In computing, linked data describes a method of publishing structured data so that it can be interlinked and become more useful. It builds upon standard Web technologies such as Hypertext Transfer Protocol|HTTP and uniform resource identifier|URIs, but rather than using them to serve web pages for human readers, it extends them to share information in a way that can be read automatically by computers. This enables data from different sources to be connected and queried.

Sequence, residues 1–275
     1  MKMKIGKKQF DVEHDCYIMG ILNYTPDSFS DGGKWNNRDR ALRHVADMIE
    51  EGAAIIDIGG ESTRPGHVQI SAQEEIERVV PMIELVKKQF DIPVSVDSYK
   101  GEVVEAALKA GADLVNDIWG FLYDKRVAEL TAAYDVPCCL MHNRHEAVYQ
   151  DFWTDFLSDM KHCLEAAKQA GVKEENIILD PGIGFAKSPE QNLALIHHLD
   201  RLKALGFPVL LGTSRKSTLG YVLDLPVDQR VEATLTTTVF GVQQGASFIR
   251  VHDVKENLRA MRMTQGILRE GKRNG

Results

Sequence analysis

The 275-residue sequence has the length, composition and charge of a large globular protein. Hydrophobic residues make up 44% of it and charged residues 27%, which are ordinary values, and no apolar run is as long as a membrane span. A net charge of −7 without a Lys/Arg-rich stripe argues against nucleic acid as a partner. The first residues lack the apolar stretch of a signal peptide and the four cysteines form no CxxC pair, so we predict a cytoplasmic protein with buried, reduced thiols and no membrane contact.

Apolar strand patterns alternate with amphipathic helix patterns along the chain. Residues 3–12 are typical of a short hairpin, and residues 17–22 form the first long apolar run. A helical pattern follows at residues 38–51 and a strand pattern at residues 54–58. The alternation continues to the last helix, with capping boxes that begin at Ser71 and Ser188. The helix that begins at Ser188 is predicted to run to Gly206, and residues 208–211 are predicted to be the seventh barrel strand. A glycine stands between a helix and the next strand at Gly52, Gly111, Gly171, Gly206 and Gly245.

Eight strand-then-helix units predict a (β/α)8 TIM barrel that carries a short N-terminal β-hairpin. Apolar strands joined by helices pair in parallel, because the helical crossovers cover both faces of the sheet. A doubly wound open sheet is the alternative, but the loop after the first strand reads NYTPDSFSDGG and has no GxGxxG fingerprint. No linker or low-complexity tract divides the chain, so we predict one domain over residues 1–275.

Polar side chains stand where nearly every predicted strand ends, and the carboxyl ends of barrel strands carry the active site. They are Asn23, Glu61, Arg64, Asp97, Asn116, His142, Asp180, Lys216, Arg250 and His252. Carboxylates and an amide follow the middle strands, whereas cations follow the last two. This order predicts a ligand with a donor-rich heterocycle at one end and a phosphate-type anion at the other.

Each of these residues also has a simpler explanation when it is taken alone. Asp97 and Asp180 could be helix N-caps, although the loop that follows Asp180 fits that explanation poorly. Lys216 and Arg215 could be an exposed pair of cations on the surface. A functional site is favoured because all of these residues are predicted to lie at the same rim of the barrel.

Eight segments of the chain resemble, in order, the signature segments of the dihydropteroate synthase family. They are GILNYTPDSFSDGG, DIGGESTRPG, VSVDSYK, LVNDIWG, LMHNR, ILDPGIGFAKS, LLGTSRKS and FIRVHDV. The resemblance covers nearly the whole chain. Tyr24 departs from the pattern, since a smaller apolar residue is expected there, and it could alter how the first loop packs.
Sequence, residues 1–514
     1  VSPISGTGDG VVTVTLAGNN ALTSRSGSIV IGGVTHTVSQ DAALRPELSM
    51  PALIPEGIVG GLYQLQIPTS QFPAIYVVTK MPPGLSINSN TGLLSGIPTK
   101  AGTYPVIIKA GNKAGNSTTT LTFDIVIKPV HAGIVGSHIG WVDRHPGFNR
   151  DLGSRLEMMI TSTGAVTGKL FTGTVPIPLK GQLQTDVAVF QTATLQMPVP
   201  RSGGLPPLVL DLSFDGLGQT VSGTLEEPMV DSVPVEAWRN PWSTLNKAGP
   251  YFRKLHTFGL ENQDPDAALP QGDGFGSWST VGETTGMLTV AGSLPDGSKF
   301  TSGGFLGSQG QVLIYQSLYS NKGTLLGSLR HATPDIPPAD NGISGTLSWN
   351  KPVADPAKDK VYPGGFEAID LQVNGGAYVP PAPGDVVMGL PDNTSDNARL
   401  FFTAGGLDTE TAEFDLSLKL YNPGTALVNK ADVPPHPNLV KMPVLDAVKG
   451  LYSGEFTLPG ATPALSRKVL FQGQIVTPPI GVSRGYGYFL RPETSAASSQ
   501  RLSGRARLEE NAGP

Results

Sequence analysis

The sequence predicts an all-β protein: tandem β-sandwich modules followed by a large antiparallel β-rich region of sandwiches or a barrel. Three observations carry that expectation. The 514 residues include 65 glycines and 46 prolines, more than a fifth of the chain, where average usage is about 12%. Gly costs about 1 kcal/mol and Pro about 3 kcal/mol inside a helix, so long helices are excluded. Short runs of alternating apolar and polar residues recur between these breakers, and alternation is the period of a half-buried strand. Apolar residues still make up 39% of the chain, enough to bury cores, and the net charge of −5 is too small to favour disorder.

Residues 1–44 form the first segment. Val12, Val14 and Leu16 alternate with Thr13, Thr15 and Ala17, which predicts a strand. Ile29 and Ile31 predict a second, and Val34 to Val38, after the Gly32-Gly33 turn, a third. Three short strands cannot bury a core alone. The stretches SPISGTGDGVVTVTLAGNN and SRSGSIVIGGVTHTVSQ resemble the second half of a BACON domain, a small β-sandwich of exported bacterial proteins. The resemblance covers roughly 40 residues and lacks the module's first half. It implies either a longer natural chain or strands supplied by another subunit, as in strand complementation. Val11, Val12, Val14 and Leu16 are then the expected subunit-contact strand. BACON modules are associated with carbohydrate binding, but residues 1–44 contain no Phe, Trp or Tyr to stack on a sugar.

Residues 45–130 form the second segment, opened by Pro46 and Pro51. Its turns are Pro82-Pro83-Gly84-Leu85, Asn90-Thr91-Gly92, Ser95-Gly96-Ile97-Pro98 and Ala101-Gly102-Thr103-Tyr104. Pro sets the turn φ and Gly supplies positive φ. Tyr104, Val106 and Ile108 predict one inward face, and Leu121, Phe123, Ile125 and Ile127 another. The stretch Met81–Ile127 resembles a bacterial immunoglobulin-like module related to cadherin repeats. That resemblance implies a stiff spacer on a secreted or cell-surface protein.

Tim Berners-Lee, director of the World Wide Web Consortium, coined the term in a design note discussing issues around the Semantic Web project. However, the idea is very old and is closely related to concepts including Network model|database network models, Citation analysis|citations between scholarly articles, and Authority control|controlled headings in library catalogs.